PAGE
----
The restricting cocoon and the struggle
required by the butterfly to get through the opening
was a way of forcing the fluid from the body
into the wings so that it would be ready
for flight once that was achieved.
Sometimes struggles are exactly
what we need in our lives.
Going through life with no obstacles would cripple us.
We will not be as strong as we could have been
and we would never fly.
March 11, 2012 § Leave a comment
So here it goes…
These last two weeks have been a whirlwind. The beginning of week one was marked by a meeting with Wanja Nilsen, a counselor/coordinator with Bjørknes Høyskole in Oslo, responsible for providing students with the information needed to study medicine internationally. We got hit with the news that we could actually apply to medical school now and that, wait for it, the entrance exams were in 10 days time. The following days were study, study, study! We did our best to review the 3 x 100 page review manuals Bjørknes had provided us with. The day before the exam was meant to be a pure review day, but was instead a scramble to put together our applications for the schools.
With such little and poor quality time to study, I was quite expectedly NOT prepared for the exams. English was fine, of course, as it should have been. I answered the questions to the best of my ability and waited outside for Skjalg and Christian to finish. We had a couple of hours to kill while they graded the exams and posted our interview times and decided to walk down to St. Hanshaugen to find a café. Along the way, we processed the exam and this milestone in our lives. We all felt such a sense of accomplishment, even with the knowledge that we might have just failed our entrance exams (the exams can be retaken in June with no extra fee). Regardless the outcome, this marked a moment that could change the course of our lives forever.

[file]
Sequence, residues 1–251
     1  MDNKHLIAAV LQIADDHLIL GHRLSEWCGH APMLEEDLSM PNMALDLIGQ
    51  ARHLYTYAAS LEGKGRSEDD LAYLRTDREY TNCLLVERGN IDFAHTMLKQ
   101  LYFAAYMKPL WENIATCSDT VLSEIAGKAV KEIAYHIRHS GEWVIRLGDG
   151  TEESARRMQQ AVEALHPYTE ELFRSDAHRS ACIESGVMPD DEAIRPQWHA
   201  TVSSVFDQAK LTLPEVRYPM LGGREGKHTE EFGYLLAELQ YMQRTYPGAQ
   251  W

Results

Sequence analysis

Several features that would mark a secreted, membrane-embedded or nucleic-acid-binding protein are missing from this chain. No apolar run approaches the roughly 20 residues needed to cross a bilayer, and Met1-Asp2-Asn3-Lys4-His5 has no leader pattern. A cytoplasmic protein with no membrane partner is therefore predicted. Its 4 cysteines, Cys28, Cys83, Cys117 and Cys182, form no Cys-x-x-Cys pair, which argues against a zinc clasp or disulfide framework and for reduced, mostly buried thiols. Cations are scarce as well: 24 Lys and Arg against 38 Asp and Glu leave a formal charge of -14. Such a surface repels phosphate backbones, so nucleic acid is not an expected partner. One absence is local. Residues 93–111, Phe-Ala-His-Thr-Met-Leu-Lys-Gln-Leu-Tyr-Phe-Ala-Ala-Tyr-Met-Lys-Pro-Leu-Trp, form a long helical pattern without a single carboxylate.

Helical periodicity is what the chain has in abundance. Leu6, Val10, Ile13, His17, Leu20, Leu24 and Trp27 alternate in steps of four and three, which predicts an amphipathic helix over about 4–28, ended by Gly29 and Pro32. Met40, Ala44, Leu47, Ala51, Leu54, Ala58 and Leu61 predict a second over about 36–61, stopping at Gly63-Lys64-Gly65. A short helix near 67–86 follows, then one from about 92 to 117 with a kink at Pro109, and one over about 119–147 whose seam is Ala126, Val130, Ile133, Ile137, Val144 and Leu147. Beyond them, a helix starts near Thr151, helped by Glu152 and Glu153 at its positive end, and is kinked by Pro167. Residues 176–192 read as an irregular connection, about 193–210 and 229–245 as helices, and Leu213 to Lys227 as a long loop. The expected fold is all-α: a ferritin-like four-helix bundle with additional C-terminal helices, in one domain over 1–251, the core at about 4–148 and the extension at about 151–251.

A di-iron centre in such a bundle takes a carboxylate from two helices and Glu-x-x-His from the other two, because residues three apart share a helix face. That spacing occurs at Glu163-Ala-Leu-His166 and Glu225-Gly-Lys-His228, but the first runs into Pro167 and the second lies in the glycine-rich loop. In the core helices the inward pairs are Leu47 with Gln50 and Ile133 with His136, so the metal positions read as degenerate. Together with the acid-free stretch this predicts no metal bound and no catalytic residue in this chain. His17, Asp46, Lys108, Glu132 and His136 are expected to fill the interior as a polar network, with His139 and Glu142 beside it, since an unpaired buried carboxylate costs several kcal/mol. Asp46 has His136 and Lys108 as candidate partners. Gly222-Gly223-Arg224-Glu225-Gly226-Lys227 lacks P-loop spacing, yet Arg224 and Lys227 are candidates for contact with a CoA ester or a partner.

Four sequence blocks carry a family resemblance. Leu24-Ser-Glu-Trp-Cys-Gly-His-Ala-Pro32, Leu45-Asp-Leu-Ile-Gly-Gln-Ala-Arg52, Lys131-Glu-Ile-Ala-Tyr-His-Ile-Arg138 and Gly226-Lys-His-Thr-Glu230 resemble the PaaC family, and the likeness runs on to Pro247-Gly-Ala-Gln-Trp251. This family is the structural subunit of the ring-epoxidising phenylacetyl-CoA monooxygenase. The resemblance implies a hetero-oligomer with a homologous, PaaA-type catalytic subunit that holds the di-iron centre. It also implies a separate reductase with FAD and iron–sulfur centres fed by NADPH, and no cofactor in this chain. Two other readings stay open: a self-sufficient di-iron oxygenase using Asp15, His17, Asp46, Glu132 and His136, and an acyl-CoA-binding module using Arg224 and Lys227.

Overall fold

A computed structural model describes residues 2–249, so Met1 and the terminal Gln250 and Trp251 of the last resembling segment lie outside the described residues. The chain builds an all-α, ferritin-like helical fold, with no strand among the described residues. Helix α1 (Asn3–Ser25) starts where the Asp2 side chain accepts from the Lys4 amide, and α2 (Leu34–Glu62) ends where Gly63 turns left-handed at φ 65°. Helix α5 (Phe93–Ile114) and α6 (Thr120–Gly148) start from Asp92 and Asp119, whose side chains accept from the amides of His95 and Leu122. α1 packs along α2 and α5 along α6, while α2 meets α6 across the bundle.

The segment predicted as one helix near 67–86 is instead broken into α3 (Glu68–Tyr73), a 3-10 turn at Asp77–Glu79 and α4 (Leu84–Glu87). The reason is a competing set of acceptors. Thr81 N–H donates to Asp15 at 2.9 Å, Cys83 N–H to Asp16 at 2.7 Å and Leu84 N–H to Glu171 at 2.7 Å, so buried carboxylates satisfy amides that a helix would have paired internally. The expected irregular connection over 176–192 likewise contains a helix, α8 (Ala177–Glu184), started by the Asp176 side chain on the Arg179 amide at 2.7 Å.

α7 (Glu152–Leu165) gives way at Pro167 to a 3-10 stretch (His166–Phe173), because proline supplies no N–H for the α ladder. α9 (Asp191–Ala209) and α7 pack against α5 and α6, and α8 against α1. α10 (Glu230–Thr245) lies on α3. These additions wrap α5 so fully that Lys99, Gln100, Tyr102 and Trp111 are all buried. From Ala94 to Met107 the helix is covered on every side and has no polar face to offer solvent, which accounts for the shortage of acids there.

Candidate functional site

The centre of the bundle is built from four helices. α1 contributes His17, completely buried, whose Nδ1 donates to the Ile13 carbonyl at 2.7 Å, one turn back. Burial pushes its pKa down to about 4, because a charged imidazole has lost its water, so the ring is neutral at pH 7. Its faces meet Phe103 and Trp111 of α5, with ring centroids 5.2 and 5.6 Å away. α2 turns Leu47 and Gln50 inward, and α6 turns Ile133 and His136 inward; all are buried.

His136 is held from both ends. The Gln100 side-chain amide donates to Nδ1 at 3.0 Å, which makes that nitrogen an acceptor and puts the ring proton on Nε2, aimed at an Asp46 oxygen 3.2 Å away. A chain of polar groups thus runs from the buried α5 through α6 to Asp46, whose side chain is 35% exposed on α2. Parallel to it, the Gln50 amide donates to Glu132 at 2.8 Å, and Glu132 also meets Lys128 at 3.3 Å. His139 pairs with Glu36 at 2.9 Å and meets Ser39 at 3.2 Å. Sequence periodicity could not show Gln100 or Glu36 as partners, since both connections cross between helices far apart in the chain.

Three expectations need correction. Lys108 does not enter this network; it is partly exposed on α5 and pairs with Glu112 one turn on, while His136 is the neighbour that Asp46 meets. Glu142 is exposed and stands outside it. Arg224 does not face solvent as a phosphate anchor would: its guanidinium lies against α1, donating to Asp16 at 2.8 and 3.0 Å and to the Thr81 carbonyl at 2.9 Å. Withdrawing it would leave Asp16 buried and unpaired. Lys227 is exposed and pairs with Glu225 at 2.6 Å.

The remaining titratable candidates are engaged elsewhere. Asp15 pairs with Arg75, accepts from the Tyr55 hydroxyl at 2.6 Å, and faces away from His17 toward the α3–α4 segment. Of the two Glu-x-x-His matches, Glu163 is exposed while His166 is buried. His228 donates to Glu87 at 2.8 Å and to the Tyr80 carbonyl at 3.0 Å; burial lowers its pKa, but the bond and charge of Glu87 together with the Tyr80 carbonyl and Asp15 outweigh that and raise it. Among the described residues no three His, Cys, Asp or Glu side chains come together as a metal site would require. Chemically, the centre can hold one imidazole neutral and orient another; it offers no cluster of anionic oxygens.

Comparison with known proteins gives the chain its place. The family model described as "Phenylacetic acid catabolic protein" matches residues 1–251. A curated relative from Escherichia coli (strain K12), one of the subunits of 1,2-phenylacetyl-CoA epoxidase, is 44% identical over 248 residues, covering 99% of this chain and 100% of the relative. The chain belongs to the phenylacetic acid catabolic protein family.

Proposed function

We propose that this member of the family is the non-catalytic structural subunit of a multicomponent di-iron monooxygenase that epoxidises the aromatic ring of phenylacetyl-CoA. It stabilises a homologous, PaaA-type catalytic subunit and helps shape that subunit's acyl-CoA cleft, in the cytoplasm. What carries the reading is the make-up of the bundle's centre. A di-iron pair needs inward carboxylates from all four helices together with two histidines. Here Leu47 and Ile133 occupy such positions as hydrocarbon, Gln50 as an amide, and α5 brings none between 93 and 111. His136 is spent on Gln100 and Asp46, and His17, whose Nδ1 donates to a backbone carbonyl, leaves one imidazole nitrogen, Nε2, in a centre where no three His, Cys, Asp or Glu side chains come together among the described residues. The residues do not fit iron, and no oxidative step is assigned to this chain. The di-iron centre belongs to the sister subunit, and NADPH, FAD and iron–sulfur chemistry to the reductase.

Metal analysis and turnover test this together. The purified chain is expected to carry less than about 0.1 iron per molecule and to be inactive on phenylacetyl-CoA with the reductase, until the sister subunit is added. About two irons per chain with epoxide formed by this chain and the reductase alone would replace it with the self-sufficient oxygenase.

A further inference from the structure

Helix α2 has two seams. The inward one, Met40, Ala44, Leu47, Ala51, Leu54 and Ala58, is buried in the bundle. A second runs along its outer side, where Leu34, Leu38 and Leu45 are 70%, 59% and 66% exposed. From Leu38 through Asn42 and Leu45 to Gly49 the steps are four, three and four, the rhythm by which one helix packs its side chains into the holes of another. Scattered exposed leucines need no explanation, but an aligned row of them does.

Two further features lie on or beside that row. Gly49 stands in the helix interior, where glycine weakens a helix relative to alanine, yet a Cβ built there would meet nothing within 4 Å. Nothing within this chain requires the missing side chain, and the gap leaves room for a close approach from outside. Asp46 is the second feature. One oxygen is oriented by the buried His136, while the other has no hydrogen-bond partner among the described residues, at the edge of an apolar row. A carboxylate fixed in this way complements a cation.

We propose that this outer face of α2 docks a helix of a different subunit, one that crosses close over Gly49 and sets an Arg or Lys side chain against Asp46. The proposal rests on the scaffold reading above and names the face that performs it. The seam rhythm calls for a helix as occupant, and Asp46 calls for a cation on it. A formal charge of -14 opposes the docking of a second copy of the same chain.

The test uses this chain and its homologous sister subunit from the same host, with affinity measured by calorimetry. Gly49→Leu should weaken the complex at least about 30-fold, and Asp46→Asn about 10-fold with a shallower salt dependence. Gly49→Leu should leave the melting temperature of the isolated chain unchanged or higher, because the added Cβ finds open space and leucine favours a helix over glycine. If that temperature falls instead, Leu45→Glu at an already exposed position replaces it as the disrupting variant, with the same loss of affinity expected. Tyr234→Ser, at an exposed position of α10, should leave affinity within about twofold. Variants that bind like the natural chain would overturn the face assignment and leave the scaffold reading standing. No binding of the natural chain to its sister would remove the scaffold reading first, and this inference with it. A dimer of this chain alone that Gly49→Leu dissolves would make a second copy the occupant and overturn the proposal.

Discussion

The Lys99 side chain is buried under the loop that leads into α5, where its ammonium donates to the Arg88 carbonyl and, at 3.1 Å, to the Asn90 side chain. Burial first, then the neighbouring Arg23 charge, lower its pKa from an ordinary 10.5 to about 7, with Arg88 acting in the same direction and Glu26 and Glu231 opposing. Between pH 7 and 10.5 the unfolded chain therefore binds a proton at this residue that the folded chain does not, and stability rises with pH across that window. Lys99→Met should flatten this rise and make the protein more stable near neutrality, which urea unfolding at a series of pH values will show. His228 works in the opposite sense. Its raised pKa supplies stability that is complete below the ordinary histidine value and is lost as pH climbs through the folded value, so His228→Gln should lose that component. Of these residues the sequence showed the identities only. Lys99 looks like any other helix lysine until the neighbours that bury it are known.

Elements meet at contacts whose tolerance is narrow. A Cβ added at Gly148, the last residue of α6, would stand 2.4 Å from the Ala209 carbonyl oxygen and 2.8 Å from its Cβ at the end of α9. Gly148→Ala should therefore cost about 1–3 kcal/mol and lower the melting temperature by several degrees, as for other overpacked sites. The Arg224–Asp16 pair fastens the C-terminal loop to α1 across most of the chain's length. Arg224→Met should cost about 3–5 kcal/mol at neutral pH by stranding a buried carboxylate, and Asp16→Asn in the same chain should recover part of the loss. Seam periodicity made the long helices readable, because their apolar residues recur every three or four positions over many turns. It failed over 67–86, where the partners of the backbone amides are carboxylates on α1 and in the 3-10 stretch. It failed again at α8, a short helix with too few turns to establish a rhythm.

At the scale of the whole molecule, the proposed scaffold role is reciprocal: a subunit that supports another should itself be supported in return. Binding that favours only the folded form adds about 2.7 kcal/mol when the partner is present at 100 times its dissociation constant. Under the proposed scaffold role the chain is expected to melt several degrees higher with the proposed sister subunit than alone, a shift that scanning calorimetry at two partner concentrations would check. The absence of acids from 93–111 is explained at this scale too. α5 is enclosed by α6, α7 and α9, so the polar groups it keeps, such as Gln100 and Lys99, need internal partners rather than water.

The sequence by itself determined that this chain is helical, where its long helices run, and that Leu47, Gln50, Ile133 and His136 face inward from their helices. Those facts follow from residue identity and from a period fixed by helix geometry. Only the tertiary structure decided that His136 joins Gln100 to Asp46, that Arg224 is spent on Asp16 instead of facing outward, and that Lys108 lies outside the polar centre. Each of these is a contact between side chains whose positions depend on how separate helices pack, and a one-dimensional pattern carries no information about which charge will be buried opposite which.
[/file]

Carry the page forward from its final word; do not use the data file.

Our interview was set for 09:00 the following morning. Skjalg went first, followed by Christian, and then me. I felt lucky to have the opportunity to discuss the interview with Skjalg while Christian had his. It made me more nervous to discover that I would be pressed to discuss certain aspects of biology and chemistry in-depth. I warned the interviewer that I, like Skjalg and Christian, had only two weeks to refresh my knowledge of the subjects and that I had learned most of the topics before – but 5 years ago! I had a rough start. I found it hard to verbalize the names of different compounds and the steps of certain processes. My last two tasks were to describe the structure of an atom, list the organelles in a eukaryotic cell and how they differ from a prokaryotic cell. I was lucky – these were two things that I had reviewed and knew well. After I was finished he said, “I am going to change my mind about you. At first, I thought I would recommend that you come back in June and try again. But now, I see that you know much more than I first thought. Like your brother, I can tell that the intelligence is there. But you must review. You must review a lot. You cannot begin medical school without knowing these things. There will be no time to review the basics once you start.” He then proceeded to make some changes on my form and marked the top with an asterisk. “I will fight for you”, he told me, “But it will be hard to prove because your scores are not so good. But I will tell them that you know more and that you will review. I cannot guarantee anything. But I will tell them.”
Only four days later, on Thursday the 8th of March, we all got our acceptance letters to University of Pecs Medical School. This was shocking news to say the least. We had gone into this as a trial run, expecting that we would have the “real” test in June. But we got in this round – and all three of us!
Since Thursday, Skjalg and I have scoured the net for information about the different schools. We had originally planned on Szeged as our first choice, but Skjalg discovered that the Medical School there is not acknowledged by California. That narrowed it down to Pecs, Semmelweis and Charles University in Prague. Semmelweis is now our first choice – hope that we get our letters soon!